Ecotherapy, sometimes called Nature Therapy, is a mental health treatment that focuses on interactions between humans and the natural world. Specifically, Ecotherapy focuses on the Earth as a living system and emphasizes how all living things on Earth are interconnected. The concept is familiar to many indigenous people, and many non-Western cultures have recognized it.
Research supports the notion that directly being in nature or reflecting on nature can:
- Lead to an increase in positive feelings and thoughts
- Reduce stress, decrease anxiety
- Decrease depressive symptoms, decrease anger
- Improve memory, increase creative problem-solving
- Improve emotion regulation
You can find more information about the health benefits of incorporating nature into one’s life in this article: https://www.theatlantic.com/magazine/archive/2015/10/the-nature-cure/403210/.
Although one can practice Ecotherapy through different modalities such as animal-assisted therapy, horticulture therapy, or wilderness therapy, one can also integrate many Ecotherapy techniques into daily life to promote mental and physiological health.
Studies have shown that incorporating nature into ones’ life can have positive impacts. Here are some suggestions for how you may try to incorporate nature into your and your family’s life:
- Take care of a houseplant and keep it in a place where you and your family will see it often. Tending to a plant and responding to its needs of sunlight, water, etc., can be an excellent metaphor for how we may have to respond to our own needs as well. Allowing kids to help take care of the plant can be a perfect opportunity for confidence building and pride as they see beautiful, green foliage and watch it grow over time!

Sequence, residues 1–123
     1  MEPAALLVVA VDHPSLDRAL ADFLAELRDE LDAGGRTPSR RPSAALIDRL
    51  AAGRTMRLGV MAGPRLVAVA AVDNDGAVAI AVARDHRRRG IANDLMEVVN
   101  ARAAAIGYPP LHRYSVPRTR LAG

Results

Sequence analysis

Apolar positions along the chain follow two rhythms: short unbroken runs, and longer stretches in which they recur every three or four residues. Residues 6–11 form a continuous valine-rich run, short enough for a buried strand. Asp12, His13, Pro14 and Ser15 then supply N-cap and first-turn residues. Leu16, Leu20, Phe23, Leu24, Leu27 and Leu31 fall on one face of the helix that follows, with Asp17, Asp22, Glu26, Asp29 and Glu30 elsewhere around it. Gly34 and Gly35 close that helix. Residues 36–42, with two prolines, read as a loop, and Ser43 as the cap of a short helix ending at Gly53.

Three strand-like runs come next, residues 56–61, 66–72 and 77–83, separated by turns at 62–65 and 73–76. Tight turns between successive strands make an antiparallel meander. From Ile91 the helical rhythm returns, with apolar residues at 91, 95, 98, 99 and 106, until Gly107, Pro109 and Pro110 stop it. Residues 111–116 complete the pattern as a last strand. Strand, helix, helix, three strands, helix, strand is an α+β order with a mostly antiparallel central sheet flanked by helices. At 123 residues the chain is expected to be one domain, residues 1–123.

2. Practice mindfulness or meditation with natural sounds like rainfall, ocean waves, or tropical bird sounds. Search for a natural sound that is soothing online, (such as this rainy sound: https://www.rainymood.com/), and set a timer for 10 minutes; close your eyes and focus only on the sounds of nature that you can hear. Imagine in what kind of place those sounds may be happening. Nature can be critical when incorporated into this grounding technique.
3. Draw a picture of a beautiful natural environment (beach, woods, mountains, clouds, etc.), and hang it up in a place where you can see it (or find artwork of natural scenes/landscapes). When you’re having a challenging moment or feel stressed, it may be helpful to destress by taking a look at that artwork and spending a few moments reflecting on the natural beauty present there, imagining yourself in that place.
4. Take a walk or go for a hike on a trail that takes you through a beautiful nature scene – whether that is through a lush, wooded area with a variety of trees, leads to a mountain view, or a rushing waterfall! Spending time in and with nature can provide a much-needed relief from the hustle and bustle of daily life and is a great way to connect with loved ones as well. The following resources include ideas of other ways your family can connect and enjoy the outdoors together: https://kids.nationalgeographic.com/science/article/great-nature-project & https://www.visitmaryland.org/article/fun-family-friendly-activities.
-Posted by Salwa Shan